Fact vs Opinion and China Telecom
When I was in college I had a professor in communications that really impacted me. This particular professor gave us an easy first assignment. He told us to pick up any newspaper we wanted and read it from cover to cover for an entire week.
By Louis B Llanes, CFA CMT
Founder, Wealthnet Investments, LLC
Connecting Your Own Dots
When I was in college I had a professor in communications that really impacted me. This particular professor gave us an easy first assignment. He told us to pick up any newspaper we wanted and read it from cover to cover for an entire week. Our task was to underline only things that are facts and backed up by data or by a reliable source. It was a really interesting exercise. I chose the Wall Street Journal, I went through the entire week and highlighted only the facts.
I was astonished because less than 20 percent of the entire newspaper was actual facts. What that brought to my attention was that there is very little fact in newspapers and in the news in general; most of it is opinion or fluff. I also learned that each individual author is connecting dots and coming up with a conclusion.
This means you could come up with your own conclusions that may be different from what is in the news if you just highlight the facts and then connect your own dots. One of the things that I find to be extremely helpful in investment is to be that person who highlights the facts and then connects their own dots. Listen to what other people's opinions are, but don't necessarily take that as being the gospel truth.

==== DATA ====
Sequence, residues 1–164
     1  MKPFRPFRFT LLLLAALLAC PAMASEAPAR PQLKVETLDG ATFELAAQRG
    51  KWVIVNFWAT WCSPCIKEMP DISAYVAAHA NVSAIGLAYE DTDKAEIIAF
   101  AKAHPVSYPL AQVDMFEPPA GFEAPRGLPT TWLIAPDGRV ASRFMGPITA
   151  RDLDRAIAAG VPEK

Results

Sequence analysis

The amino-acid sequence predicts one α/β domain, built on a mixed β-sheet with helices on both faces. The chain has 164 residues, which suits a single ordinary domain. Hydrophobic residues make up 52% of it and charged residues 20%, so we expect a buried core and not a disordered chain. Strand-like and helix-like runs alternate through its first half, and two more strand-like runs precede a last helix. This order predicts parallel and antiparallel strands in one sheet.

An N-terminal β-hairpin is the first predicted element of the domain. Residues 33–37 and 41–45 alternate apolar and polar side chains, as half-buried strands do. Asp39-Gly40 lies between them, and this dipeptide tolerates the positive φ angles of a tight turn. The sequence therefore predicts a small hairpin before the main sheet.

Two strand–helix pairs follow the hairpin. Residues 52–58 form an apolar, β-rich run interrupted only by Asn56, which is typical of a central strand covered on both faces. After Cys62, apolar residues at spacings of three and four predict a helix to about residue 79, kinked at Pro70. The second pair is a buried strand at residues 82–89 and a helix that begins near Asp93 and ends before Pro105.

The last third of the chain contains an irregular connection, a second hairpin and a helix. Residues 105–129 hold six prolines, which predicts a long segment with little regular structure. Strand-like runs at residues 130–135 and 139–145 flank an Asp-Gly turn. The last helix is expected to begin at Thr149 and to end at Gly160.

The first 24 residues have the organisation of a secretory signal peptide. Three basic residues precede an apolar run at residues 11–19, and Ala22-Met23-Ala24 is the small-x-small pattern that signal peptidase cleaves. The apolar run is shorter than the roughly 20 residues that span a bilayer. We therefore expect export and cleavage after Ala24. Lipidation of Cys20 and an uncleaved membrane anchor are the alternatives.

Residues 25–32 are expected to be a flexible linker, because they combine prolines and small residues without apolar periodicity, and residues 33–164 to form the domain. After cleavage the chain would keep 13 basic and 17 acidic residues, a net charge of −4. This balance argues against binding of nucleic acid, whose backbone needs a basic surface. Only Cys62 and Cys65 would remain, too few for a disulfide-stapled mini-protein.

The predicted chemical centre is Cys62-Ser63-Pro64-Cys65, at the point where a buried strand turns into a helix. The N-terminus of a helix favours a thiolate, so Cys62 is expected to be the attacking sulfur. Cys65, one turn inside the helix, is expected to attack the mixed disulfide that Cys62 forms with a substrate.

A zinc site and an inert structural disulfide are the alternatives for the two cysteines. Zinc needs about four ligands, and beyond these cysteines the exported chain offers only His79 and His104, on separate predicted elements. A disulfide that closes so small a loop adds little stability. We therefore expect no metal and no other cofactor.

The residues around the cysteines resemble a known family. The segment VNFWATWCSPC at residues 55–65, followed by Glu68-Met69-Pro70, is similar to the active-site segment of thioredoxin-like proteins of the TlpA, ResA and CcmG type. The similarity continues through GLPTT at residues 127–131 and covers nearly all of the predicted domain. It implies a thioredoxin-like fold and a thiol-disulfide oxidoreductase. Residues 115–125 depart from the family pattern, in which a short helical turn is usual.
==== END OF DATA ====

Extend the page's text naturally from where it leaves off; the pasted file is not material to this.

Is It a Waste of Time to Consume News?
The reason I bring this up is that in the last few weeks, and throughout my career, there has always been a camp of people that say not to read or listen to the news, that it’s all worthless. I would say, for the most part, that is absolutely true. There are, however, a couple of caveats that apply to that.
The first is that there is a tremendous amount of information inside the news from a sentiment perspective. This means that we can get a good feel for what the prevailing bias is, get into the mind of the market, and watch the movements of the prices themselves.
If you see a variance between what the sentiment is and what the prices are doing, you have as potential setup for a significant trend change. That’s one reason to listen to the news - you can actually see these setups occurring. You can see these divergences between what the prices are telling you versus what the news is saying and what the prevailing opinion is.